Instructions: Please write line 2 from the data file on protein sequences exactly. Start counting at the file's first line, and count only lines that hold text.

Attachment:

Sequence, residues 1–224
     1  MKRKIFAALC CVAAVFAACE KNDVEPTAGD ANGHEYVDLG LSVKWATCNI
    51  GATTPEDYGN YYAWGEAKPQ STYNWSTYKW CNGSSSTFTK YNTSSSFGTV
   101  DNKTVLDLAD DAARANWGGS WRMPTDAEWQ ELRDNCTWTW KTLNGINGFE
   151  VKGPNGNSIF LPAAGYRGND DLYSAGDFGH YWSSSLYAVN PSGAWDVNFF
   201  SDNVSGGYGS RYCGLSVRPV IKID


     1  MKRKIFAALC CVAAVFAACE KNDVEPTAGD ANGHEYVDLG LSVKWATCNI